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Days of yule and yore in downtown New Braunfels

Photo Caption: Santa arriving by train at the IG&N depot in 1936.

Photo Caption: Santa arriving by train at the IG&N depot in 1936.

By Myra Lee Adams Goff — (Originally published December 13, 2006)

I am sure you have seen our beautiful lighted Comal County Courthouse. The Grand Dame of Main Plaza buildings is 125 years old. In December 1898, the courthouse was inspected and given the seal of approval by the Commissioners Court. A translation of an article in the Neu Braunfelser Zeitung, done by Robert Govier, Ph. D., for the Sophienburg, states:

“On Christmas Eve a splendid picture was made by our new Courthouse whose many rooms were lit by electric lights in such a manner that the warm glow emanated from its many windows, reaching far into the night from the three-story building.”

From that same translation you can get a fair picture of what downtown New Braunfels was like at Christmas time. Druggist Bruno Voelcker, on the corner of San Antonio and Castell (Red Stag), had the latest gift — a Kodak — for sale. He stated, “You can get pictures with it.” Then you could hop over to the Phoenix Saloon and buy fresh pig’s feet. You could then finish up your day by watching the New Braunfels Fire Department Band marching “snappily” down the street and listen to their concert on the plaza.

Much later, in 1936, Bill (Willie) Vollmar, proprietor of Vollmar’s 5¢ to $1 Store, located where the Art League is now, is given credit for first bringing Santa Claus to town. Santa Claus arrived not by sleigh but by train! He was welcomed at the station by a crowd of hundreds made up of parents and children. After a formal appearance on the plaza, the jolly old guy made his headquarters inside Vollmar’s store. It was a huge marketing success for Vollmar and the other downtown businesses also profited from his vision.

Vollmar was born and raised in Seguin, and he and his wife Alice moved to New Braunfels in the early ‘20s. First, he was a shoe salesman at Jacob Schmidt and Son and then was manager of the Values Store. By 1932, he had saved enough money to buy the store from his employers, and he opened Vollmar’s 5¢ to $1 Store.

The Vollmars had no children of their own, but they loved them. The Christmas season was special to “Uncle Willie.” My friend, Pat Langston (was Patsy Harmon), who lived downtown in her early years, shared with me her first visit to the “real” Santa at Vollmar’s at the age of five. Having seen only pictures of the fat, jolly elf in magazines and books, she was shocked by a six-foot very thin version. Oh well, he brought presents.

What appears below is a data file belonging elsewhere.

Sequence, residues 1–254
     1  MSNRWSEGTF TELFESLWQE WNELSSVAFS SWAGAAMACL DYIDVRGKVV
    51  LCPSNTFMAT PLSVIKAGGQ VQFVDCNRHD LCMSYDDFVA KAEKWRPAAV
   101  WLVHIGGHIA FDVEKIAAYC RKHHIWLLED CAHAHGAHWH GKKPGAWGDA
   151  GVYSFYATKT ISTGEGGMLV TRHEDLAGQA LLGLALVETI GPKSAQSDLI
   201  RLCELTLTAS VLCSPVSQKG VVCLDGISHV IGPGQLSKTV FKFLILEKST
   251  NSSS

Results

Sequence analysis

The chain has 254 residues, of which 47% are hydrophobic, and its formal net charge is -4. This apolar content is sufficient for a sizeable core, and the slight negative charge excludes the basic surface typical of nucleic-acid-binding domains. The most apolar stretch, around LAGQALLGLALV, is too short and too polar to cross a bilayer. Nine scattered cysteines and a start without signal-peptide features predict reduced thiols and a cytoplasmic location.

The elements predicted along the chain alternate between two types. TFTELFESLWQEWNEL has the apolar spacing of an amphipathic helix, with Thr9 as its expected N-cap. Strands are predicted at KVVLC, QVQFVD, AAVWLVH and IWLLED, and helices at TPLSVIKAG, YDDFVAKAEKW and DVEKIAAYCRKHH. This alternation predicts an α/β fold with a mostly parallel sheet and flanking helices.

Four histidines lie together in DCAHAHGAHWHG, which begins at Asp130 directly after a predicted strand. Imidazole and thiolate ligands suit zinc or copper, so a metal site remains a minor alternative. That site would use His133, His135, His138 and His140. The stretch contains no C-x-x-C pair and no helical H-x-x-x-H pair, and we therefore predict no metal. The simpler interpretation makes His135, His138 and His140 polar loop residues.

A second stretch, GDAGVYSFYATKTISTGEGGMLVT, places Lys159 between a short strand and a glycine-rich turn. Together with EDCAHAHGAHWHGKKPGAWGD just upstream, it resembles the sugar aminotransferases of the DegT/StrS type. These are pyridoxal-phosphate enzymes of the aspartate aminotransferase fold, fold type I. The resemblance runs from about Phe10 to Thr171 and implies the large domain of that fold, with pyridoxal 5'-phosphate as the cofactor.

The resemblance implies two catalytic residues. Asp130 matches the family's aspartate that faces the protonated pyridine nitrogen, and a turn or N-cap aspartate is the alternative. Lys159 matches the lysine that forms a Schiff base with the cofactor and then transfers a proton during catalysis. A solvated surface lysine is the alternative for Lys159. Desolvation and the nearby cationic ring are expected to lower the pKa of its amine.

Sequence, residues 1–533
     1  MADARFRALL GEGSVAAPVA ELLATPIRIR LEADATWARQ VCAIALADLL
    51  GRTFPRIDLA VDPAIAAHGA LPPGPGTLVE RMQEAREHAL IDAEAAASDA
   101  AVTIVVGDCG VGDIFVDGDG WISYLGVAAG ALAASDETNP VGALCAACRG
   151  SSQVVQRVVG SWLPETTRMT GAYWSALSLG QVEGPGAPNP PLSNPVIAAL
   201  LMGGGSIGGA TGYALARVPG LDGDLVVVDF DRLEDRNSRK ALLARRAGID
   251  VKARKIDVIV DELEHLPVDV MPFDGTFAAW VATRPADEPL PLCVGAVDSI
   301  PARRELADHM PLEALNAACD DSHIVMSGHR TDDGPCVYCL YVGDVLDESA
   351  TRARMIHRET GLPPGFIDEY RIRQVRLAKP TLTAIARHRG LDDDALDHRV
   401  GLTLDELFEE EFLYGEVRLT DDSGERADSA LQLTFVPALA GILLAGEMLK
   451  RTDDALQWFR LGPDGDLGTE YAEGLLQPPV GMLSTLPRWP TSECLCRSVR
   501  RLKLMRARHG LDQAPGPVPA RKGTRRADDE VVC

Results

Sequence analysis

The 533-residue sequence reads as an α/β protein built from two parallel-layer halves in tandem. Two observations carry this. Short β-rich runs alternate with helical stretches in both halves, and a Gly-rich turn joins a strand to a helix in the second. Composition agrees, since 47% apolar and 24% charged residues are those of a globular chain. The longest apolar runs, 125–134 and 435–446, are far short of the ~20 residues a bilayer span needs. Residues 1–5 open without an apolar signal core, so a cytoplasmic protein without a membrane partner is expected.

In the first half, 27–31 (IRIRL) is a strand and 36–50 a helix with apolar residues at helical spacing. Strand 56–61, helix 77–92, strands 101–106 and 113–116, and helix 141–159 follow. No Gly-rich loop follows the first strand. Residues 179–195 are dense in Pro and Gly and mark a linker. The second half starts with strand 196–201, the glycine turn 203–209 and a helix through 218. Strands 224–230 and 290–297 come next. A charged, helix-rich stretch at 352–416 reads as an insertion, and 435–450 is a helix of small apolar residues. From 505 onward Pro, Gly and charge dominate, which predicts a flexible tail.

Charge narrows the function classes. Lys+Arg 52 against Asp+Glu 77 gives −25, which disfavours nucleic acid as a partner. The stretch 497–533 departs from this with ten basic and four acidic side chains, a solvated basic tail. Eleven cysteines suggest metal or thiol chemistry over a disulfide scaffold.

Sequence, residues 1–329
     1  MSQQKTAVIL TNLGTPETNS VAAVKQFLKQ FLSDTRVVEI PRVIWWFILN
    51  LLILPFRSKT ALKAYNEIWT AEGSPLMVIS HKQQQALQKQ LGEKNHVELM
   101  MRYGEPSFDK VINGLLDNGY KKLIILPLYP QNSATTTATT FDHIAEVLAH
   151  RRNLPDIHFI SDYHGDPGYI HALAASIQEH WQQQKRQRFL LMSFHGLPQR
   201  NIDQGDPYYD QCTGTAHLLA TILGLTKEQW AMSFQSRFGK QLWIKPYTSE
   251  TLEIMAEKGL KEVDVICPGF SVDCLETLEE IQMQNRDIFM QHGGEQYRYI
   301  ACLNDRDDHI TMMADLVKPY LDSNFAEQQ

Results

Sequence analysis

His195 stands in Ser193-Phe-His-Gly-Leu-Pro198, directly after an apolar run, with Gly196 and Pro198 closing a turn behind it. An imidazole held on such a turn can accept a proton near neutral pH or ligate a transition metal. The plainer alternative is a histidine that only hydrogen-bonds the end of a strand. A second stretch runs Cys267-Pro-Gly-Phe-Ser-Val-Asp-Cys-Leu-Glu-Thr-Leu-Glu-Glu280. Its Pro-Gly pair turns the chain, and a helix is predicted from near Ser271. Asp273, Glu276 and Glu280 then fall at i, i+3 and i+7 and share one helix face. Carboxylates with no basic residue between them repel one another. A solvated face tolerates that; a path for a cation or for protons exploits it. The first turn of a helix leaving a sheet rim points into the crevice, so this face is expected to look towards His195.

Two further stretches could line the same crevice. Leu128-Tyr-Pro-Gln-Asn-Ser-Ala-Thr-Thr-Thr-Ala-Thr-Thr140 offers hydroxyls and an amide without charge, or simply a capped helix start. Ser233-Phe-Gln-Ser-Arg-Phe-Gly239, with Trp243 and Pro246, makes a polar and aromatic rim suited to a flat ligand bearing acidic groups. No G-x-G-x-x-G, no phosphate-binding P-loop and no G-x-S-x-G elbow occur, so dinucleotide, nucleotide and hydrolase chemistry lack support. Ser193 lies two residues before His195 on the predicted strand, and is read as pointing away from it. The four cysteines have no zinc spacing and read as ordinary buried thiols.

Langston told me other memories she had that related to Vollmar’s Store. How many of you remember perfumery like the “over-the-hill” Tigress, Woodhue, and Tabu? Then there was that remarkable Tangee lipstick that came in pink only, but turned different colors on different people. Pat described the wonder-inducing candy cases at the front when you entered the store with their array of tempting sweets and chocolates. During the summer, she was allowed to buy a new tin bucket with a shovel for her family’s annual vacation to the coast.

Some people just make you laugh and Willie Vollmar was one of them. He could tell comical stories for hours and was president of just about every club in town. He eventually sold his variety store and started working for Krueger Motor Co. At Christmas, he would dress up in a Santa costume and go deliver new cars. After work, he would visit children and grandchildren that he knew from the past — still dressed as Santa, of course.

Christmas in old New Braunfels was wonderful and magical. Hope your Christmas this year was just as precious.